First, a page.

Alberta might be one of Canada’s most overlooked provinces. Compared to the bright allure of Montreal and Toronto, Alberta may seem like a quiet place. Believe us though, there’s plenty to explore. Named after the fourth daughter of Queen Victoria Princess Louise Caroline Alberta (1848 – 1939), it remains a place of stunning natural beauty and bustling cities. Here are the top 5 Alberta destinations to visit to make your trip one to remember.
Top 5 Alberta Destinations
Alberta’s capital city, Edmonton is a buzzing hub full of some of the area’s finest universities, museums, and art scenes. Though it has a smaller population than Calgary, Edmonton’s urban area is, in fact, larger than Chicago’s. All that space gives plenty of room for several large parks and picnic areas. Also, be sure to check out the West Edmonton Mall, which was, until recently, the largest mall in the world.
2. Banff National Park
An area of outstanding natural beauty, Banff is famous for its awe-inspiring scenery. Stop by Lake Louise for its deep blue waters throwing up reflections of the awe-inspiring mountains that surround it. Grab a stay at the majestic Chateau Lake Louise for the amazing lake-side views or canoe rentals for the more adventurous holidaymaker. Or have a hike to the famous Victoria Glacier. During winter, many people come to the Lake Louise Ski Resort, one of the country’s favourite skiing spots and most popular Alberta destinations.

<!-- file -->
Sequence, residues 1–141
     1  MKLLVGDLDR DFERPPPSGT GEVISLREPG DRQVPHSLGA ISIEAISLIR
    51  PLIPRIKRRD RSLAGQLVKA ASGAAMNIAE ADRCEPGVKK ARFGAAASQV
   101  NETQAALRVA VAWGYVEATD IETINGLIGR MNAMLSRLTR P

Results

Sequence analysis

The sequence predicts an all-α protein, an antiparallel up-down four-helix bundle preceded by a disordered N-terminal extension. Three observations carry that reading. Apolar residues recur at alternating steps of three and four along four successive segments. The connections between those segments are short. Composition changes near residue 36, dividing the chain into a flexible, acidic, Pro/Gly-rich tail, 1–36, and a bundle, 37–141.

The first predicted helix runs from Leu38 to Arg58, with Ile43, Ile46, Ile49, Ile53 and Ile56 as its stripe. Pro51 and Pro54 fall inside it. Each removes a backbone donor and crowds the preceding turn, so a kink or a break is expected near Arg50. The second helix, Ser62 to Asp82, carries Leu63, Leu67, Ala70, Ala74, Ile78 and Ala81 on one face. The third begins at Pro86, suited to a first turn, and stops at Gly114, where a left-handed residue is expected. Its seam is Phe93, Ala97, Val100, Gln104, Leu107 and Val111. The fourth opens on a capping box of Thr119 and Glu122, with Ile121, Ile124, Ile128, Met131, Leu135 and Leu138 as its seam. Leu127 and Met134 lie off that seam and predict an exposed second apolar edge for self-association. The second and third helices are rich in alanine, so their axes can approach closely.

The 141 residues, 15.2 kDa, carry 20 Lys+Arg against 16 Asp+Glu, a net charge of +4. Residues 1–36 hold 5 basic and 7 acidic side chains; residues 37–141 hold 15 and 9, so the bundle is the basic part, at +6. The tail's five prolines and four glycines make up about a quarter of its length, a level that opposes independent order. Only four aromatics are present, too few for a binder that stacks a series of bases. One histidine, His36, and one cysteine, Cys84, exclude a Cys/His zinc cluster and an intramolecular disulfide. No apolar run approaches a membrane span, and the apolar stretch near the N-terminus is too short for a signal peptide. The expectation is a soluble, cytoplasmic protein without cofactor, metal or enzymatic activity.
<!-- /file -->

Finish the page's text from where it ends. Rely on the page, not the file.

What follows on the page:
Northeast of Calgary is the little town of Drumheller, also going by the rather more ominous title “Town of the Dinosaurs”. Millions of years ago, in the palaeolithic period, many different species of dinosaurs called the region their home making it a modern-day gold mine for fossil finding. Be sure to stop by the Royal Tyrrell Museum of Paleontology to see some of the discoveries up close. Also, to learn about the region’s history or take a hike around the eerily atmospheric badlands around the area.
Alberta’s most populous city, Calgary functions as something of a point of departure for those heading to the Rockies. Originally a fort for the Royal Canadian Mounted Police (better known as “Mounties”), it was an important tactical position for the pioneering of Canada in the 19th century, becoming one of Canada’s most fertile agricultural centres. If you’re in town in July, check out the world-famous Calgary Stampede. During the Stampede, the whole city comes together in a blur of colour and music to celebrate the city’s ranching heritage.
The Calgary Tower downtown gives stunning views of the Rocky Mountains and on special civic occasions, a giant plume of flame can be seen issuing forth from the top. Take a winter sports break at the famous Canada Olympic park where all kinds of snow sports are on offer. Or if you’re there in summer, take a ski lift to the top and try mountain biking your way to the bottom.
5. Writing-on-Stone National Park
Sharing the border with the American state of Montana is Writing-on-Stone Provincial Park. Recently put up for UNESCO World Heritage Status, the area more than deserves it. Check out the petroglyphs carved by the Blackfoot Native Americans, some made almost 10,000 years ago.